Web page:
The initial blog/comment thread can be seen here: http://www.thegospelcoalition.org/blogs/kevindeyoung/2015/07/17/jesus-loves-the-little-children/comment-page-1/#comments
Here is my response:
Paul was explaining to the Jews that if God wanted to use and save the Gentiles that God in His sovereignty had that right. In order to understand what God is saying through Paul one has to read what is before and what is after chapter 9 to get the big picture. Rather than taking one passage from Romans one must look up specific words to see what they originally meant and also what they meant in context of what was being discussed and to whom it was being addressed. You have to consider the entirety of God’s word and not just certain passages or chapters. IM sure you know this. When put in Biblical and historical context there is nothing in Romans 9 in my view for those in the Reformed Theology position to justify the doctrine of predestination.
Wrong. Paul clearly gives his reason toward the beginning of chapter 9 for why he is about to say what he says. Romans 9:6,7 - But it is not as though the word of God has failed (meaning that since many of the people of Israel have rejected Christ over which Paul is in great sorrow, see vs 1-5, and then he goes on to say why it has not failed). For not all who are descended from Israel belong to Israel, and not all are children of Abraham because they are his offspring... Paul's reason for all the rest of the chapter stems from these verses - showing how the word of God has not failed because it's not just the physical children, but through the children of promise, vs. 8. Paul goes on to show several things in the following verses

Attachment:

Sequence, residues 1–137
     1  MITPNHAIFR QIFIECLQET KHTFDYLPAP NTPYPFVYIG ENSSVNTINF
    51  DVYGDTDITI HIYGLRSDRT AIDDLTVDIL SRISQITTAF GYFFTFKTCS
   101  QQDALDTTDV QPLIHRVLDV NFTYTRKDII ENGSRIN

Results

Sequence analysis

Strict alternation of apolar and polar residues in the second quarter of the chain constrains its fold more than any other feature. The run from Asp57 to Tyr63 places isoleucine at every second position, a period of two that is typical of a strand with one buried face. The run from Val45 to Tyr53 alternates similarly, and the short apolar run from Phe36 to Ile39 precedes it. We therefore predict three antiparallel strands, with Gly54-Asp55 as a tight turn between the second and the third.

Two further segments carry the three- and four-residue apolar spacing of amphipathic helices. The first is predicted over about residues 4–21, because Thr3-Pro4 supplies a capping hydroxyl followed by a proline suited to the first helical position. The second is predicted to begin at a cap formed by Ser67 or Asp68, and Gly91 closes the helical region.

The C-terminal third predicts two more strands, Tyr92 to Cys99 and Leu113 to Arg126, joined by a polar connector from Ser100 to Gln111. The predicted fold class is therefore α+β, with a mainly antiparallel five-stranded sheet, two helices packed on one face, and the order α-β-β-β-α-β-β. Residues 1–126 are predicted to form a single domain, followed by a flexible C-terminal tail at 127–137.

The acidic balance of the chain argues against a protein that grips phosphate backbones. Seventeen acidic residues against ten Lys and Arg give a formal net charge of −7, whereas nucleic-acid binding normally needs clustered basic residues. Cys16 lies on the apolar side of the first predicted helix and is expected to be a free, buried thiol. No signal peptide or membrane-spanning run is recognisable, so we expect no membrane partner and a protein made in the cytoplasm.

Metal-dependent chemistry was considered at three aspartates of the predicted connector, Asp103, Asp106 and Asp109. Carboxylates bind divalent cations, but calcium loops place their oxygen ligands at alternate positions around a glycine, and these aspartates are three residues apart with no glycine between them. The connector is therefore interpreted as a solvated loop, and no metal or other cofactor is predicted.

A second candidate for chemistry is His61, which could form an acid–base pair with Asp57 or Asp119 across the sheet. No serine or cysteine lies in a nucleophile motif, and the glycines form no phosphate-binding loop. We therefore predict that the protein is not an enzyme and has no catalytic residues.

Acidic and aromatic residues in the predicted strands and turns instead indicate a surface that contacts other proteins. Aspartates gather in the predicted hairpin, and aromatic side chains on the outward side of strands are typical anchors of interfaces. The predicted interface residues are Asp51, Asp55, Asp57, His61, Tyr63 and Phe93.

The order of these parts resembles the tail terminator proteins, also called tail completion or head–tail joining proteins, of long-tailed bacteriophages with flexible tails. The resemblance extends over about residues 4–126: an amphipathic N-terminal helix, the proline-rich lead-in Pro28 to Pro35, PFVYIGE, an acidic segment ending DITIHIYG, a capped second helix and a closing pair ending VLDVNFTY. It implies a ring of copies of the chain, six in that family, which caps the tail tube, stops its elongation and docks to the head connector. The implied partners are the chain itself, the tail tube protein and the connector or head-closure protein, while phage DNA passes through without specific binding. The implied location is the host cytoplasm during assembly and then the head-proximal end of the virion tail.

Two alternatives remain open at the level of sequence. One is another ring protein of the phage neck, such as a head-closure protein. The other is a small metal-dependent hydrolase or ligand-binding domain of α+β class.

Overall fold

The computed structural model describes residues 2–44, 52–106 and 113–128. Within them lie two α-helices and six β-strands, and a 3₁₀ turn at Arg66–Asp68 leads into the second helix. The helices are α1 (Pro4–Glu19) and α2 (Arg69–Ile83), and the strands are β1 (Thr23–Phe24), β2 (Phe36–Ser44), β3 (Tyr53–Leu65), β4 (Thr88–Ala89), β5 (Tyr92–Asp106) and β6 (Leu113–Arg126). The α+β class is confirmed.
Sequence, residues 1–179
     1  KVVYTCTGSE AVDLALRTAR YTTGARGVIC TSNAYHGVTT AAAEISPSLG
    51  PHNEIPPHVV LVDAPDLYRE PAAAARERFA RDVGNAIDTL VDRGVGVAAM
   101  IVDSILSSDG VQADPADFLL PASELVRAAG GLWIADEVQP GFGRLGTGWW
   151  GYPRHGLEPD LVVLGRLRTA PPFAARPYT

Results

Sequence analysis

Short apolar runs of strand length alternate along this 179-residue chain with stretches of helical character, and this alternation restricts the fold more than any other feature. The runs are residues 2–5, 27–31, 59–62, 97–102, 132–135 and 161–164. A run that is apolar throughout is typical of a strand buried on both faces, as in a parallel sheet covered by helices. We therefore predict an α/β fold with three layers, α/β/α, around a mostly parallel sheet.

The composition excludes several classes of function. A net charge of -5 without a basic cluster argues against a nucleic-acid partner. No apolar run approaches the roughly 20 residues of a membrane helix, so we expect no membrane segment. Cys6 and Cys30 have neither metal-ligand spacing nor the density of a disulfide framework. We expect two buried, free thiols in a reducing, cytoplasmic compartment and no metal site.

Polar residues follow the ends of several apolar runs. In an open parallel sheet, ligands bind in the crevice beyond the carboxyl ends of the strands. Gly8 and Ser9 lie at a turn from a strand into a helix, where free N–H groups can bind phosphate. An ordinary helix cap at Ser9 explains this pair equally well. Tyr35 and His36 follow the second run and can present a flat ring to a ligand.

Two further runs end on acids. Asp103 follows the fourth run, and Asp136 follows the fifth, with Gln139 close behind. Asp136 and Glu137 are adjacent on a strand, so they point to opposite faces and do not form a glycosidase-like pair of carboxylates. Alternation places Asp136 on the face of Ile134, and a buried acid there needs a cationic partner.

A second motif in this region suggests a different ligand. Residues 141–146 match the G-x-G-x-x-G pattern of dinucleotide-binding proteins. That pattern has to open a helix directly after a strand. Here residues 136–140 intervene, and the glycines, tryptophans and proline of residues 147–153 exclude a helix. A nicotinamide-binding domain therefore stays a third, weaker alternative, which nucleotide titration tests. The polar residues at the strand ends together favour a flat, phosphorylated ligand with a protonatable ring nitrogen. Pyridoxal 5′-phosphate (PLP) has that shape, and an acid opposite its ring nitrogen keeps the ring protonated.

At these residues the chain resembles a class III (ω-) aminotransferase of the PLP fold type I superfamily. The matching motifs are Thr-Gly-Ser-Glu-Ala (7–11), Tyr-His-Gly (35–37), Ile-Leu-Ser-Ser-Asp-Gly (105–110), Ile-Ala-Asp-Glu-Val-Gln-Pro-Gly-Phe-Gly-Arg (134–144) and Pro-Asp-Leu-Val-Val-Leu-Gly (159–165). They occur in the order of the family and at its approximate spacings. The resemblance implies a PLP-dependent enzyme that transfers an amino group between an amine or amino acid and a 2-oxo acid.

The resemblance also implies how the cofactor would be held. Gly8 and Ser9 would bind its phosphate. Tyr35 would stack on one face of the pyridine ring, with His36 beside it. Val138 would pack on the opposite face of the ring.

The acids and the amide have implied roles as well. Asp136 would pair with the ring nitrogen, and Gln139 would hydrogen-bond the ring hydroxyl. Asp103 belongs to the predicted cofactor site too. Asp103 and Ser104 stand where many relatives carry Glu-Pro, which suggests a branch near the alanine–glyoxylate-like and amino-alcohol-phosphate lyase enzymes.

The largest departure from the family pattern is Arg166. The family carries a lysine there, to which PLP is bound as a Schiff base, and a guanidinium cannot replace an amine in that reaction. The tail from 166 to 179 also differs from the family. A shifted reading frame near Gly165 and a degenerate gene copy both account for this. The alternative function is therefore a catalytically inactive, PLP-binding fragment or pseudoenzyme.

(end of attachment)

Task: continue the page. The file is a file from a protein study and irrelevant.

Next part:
- The promise was Sarah will have a son (as opposed to the child of the flesh, of Abraham's trying, Ishmael)
- God chose Jacob before either had done good or bad, why?
- That God's purpose of election (choosing) might stand
- Which is not because of works but because of God's call
- God loved Jacob, but Esau He hated
- The Greek word hate here is miseo meaning hate, love less, even a semitic form of divine choosing of one clan over another; in other words, God chose to at least love Esau less, or at most, hate him.
Now if all that is not enough, if you think you can still twist it to mean God does not choose some individuals as opposed to others, Paul raises the objection he would only raise if what I am saying he meant was what he really did mean. Romans 9:14 - What shall we say then? Is there injustice on God's part? By no means! For he says to Moses, I will have mercy on whom I have mercy, and I will have compassion on whom I have compassion. If his words to us were less provocative as you claim they are, then he would not have raised this possible objection.
For example: Predestination, and election are always connected with foreknowledge. Romans 8, “whom he foreknew he predestined” not to salvation, but to be conformed to the image of his son. Predestination and election are always unto a blessing never unto salvation in my understanding.
This is incorrect. Just a verse later Paul writes, "And those whom he predestined he also called, and those whom he called he also justified, and those whom he justified he also glorified." Right there you have predestination grouped with those who are justified and glorified. If that does not mean salvation then I cannot fathom what else it means. To be saved, to have salvation, means to be justified and then when we die, to be glorified. So to be predestined is to be predestined to salvation according to the Bible.